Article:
December 2008 Archives

Kathleen EdwardsMy 2008 album begins in Utah and ends in (or near) hell. Whether you think the distance between the starting point and the destination is a lot of territory or not much, we do get to travel pretty far afield. There’s sunny California with the Botticellis, lovely inner-city Baltimore with DoMaJe, Iraq with the estimable Danny Elfman, and someplace sublimely absurd with Flight of the Conchords.

This is the third year for this approach to the year in music, and the rules are simple: I pick my favorite songs, with no previous winners allowed, and no more than one song from an artist. These constraints didn’t limit me much: Only one band got bonged for previous inclusion, and only Kathleen Edwards and the Gutter Twins would have gotten two selections without my dumb regulations.

The list was drawn from roughly 1,500 songs released in 2008 that I’ve consumed.

slumdog-millionaire.jpgEarlier this month, I noted that no 10th-place-gross movie has ever won the Box Office Power Rankings title.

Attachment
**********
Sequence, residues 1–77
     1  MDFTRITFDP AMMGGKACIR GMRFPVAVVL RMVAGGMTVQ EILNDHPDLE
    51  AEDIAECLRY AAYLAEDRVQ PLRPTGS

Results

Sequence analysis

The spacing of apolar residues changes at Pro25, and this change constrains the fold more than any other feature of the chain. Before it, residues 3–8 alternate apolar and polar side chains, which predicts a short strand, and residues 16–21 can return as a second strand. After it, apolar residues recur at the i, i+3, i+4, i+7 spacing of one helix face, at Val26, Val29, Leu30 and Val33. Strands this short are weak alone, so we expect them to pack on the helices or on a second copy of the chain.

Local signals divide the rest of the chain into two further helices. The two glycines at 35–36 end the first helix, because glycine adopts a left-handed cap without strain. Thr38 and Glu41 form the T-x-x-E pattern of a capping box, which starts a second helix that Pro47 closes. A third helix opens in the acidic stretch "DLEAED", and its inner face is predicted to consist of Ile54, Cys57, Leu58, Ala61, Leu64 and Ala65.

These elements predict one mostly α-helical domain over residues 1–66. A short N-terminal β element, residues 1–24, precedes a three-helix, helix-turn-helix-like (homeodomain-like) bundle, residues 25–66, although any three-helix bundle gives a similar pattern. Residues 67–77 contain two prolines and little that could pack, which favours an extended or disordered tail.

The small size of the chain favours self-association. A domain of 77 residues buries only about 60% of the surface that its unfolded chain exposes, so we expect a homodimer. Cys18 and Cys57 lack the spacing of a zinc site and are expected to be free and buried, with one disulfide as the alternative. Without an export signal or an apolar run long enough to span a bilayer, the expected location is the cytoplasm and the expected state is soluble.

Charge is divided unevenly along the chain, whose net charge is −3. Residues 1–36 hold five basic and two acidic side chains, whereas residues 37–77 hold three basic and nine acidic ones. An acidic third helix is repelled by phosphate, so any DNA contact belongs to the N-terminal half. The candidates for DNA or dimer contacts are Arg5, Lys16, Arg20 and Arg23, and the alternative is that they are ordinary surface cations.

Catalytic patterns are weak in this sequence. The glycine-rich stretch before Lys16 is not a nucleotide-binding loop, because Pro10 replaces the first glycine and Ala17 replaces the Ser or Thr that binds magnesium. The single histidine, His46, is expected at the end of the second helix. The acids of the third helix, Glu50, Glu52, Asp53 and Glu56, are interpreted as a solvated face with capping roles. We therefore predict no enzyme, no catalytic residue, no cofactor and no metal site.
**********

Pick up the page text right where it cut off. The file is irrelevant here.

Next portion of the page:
That’s still true.

But Danny Boyle’s Slumdog Millionaire — which expanded to 589 sites this past weekend and landed in eighth place in overall box office — could have finished in last place and still won this week’s crown.

With 31 points (out of a maximum 40) and a three-point edge over The Tale of Despereaux, Slumdog could afford to lose two points — the difference between eighth and 10th place in gross. But it would need to retain all its other points, including for per-theater box office.

Slumdog finished with $5,184.65 in per-theater revenue, while the movie below it in that category (Despereaux again) earned $3,255.05. That gives a window of between $1.92 million (Desperaux’s per-theater revenue multiplied by Slumdog’s sites) and $2.05 million (Quantum of Solace’s 10th-place take) for Boyle’s movie to finish last and first simultaneously. (Eleventh-place Milk earned $1.73 million, so it wouldnt’ have sneaked in.)

And I officially spend too much time on this crap.

Continue reading for the methodology and the week’s full rankings.

delgo.jpgIf you’ve heard of the animated Delgo, it’s most likely for its infamy. Opening this past weekend in 2,160 theaters, it barely grossed $500,000. Its per-theater revenue was $237, meaning that with an average ticket price of $7 and five screenings per day, a little more than two people showed up each time the movie was exhibited.